Simplicity and quality meet in The Full Slab's choice-cut meats, which absorb the rich flavors of house-made marinades, six barbecue sauces, and hand-blended dry rubs. The aroma of flame-smacked, made-from-scratch pulled pork, brisket, and ribs, as well as seafood and pasta plates, fills the eatery. Diners can also take in a game on one of The Full Slab's big-screen TVs while enjoying a hand-crafted cocktail or cold beer from its well-stocked bar.
At Fatman Sports Lounge & Lanes, bowlers hurl orbs down 12 automatically scored lanes. Illustrations of electrified neon balls and pins line the alley's walls, complementing the beat-heavy tunes and pulsing lights of nightly cosmic bowling. An arcade challenges guests with pinball machines, racing games, and a claw machine that beckons with the promise of winning a stuffed toy or permission to cheat at one round of bowling.
The restaurant proves far more ambitious than the standard bowling-alley snack bar, dishing out thick, slow-simmered chili, a score of piled-high sandwiches, broasted chicken, and house-made pizza. Bartenders spin cocktails that tend toward the elaborate, potent, and sweet, with a dozen different variations on a long island iced tea alone.
Since 1987, Fodrak's Gyros & Ribs has carved out a niche with every slice of its signature gyro, earning the Pioneer Press’s Best of Lake County award as the Best Place for Gyros four years running. Their chefs build innovative dishes from the classic greek staple, piling it onto gyros pizzas and slam-dunking it onto gyros cheeseburgers. Not to be upstaged, the menu’s supporting cast can also hold its own. Cooks drench baby-back ribs in barbecue sauce, hand cut french fries, and assemble Chicago-style hot dogs topped with all manner of fixings. Their culinary creativity extends to their six varieties of baked potato, which include spuds capped with gyros and sauce or bacon and cheese. Like the finale of the Nutcracker, traditionally performed on candy flutes, dinners end on a sweet note, with desserts such as banana shakes and homemade baklava.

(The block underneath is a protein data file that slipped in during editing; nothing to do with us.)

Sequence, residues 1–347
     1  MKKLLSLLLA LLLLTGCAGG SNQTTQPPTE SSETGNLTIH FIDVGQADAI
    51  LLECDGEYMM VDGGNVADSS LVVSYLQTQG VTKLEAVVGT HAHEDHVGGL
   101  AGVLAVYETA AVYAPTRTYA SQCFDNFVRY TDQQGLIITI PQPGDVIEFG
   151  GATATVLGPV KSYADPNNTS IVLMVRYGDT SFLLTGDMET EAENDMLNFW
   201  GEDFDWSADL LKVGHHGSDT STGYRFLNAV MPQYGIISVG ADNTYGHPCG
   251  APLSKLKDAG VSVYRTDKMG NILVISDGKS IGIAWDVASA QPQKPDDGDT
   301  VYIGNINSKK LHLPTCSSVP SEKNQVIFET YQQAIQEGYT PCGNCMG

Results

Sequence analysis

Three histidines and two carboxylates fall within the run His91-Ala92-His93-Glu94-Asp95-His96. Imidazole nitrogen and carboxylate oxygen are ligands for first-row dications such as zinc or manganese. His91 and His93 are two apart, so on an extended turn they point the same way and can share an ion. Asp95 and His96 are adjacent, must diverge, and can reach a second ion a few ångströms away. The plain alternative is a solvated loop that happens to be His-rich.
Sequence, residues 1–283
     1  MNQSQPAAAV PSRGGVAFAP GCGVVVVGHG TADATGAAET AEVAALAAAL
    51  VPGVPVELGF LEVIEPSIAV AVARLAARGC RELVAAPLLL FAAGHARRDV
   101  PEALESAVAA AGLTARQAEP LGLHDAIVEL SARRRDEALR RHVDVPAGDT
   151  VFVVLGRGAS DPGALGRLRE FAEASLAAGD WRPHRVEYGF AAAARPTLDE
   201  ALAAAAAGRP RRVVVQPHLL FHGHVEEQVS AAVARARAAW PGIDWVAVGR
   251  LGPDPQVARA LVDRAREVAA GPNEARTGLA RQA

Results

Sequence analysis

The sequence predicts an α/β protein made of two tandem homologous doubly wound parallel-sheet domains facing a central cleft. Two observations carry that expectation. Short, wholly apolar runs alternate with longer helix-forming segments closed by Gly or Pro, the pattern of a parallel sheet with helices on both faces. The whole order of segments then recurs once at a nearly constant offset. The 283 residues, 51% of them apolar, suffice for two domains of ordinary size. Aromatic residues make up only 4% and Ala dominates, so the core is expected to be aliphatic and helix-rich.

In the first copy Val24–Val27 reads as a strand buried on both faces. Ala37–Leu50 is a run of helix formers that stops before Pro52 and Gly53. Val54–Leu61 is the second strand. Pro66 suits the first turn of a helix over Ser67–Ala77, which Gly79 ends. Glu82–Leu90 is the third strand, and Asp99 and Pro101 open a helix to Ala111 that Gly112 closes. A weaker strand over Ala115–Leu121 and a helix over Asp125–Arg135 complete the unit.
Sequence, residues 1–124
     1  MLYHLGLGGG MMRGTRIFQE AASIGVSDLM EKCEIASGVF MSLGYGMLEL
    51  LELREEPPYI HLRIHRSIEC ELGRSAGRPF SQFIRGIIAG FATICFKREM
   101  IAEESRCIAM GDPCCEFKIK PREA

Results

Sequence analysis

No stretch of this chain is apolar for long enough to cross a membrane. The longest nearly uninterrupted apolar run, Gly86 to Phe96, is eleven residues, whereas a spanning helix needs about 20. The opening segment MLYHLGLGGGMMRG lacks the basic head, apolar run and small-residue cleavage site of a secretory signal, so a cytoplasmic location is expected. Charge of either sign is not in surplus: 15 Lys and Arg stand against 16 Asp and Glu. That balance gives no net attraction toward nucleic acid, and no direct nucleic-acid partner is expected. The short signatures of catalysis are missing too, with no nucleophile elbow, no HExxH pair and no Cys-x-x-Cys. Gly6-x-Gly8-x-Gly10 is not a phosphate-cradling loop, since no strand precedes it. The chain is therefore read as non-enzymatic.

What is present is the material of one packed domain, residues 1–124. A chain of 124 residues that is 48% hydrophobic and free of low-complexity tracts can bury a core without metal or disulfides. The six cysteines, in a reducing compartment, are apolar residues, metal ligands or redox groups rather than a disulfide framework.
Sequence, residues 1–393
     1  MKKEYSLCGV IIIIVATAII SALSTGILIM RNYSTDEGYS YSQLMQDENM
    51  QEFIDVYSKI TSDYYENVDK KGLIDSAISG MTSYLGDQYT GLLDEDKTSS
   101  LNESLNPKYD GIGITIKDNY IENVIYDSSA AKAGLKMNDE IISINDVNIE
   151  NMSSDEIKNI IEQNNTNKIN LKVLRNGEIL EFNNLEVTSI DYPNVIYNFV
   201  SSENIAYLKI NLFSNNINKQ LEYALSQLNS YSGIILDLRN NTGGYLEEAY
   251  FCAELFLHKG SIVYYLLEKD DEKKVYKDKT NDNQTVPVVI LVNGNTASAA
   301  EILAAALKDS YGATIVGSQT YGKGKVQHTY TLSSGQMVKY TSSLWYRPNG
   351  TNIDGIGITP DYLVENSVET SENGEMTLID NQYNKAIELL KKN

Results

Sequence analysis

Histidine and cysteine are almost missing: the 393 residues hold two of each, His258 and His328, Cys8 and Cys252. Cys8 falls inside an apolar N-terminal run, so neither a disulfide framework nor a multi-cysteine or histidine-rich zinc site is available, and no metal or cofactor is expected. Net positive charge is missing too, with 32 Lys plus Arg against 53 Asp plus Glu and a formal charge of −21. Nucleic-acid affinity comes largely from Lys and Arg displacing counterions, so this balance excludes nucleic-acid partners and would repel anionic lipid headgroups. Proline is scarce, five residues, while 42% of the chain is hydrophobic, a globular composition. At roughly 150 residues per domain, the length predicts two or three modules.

When paired with blues chords, the smell of barbecue sauce transcends the normal sensory experience. Housemade dry rubs and sauces sink into smoked brisket, turkey, pulled pork, baby back ribs as the meat smokes slowly over a mix of hickory and applewood chips. Blues Bar masters this ethereal combination of soulful sounds and soul food, coupling weekends of live music with saucy ribs and sides of honey-chipotle corn bread and homemade fries. Inside the lofted dining room, tables look down onto the bar and its 24 HDTV screens that play live sporting events. Also you can find well over 75 plus craft bottled beers and 20 continually rotated draft craft beers. The blues joint’s decor pays tongue-in-cheek tribute to Chicago icons the Blues Brothers with a larger-than-life mural of the smart-suited duo and a full-sized vintage squad car in which John Belushi’s hat was once arrested for armed robbery.
Hawthorne's Backyard's culinary architects animate the American fare, such as burgers, ribs, and roasts, depicted on the menu. An appetizer of loaded chili cheese fries, which swim in green onions and sour cream ($5.99), can prep palates for an appointment with a hearty entree. Momma's pot-roast sandwich, a pulled-pork tenderloin cooked in homemade barbecue sauce and set inside a hoagie bun, frolics across taste-bud territory ($8.50), and the backyard double cheeseburger dually satiates meat and dairy yearnings ($10.50). A full slab of signature baby-back ribs comes to tables drenched in barbecue sauce and, like a subpoena from a grandmother, is served with cinnamon apples and sweet-potato fries ($18.99).
Sweet Baby Ray's slow-smokes and cooks savory barbecue comestibles for lunch and dinner. Stuff your socks with wet-wipes and begin with an appetizer of fried calamari ($8.99), served with fresh lemon and house marinara, or skip ahead to a half slab of oxford-blouse-staining baby-back ribs ($14.99 at dinner, $12.99 at lunch). A pulled-pork plate ($12.99 at dinner, $10.99 at lunch) is seasoned in a house-made rub and smoked for up to 12 hours before being hand-pulled and served up with Sweet Baby Ray's signature barbecue sauce for a stomach-grumble-snuffing meatsperience. If meaty isn't your cup of sports drink, order up a plate of smoked tomato rigatoni ($10.99), penne pasta bathed in house marinara and topped with parmesan cheese.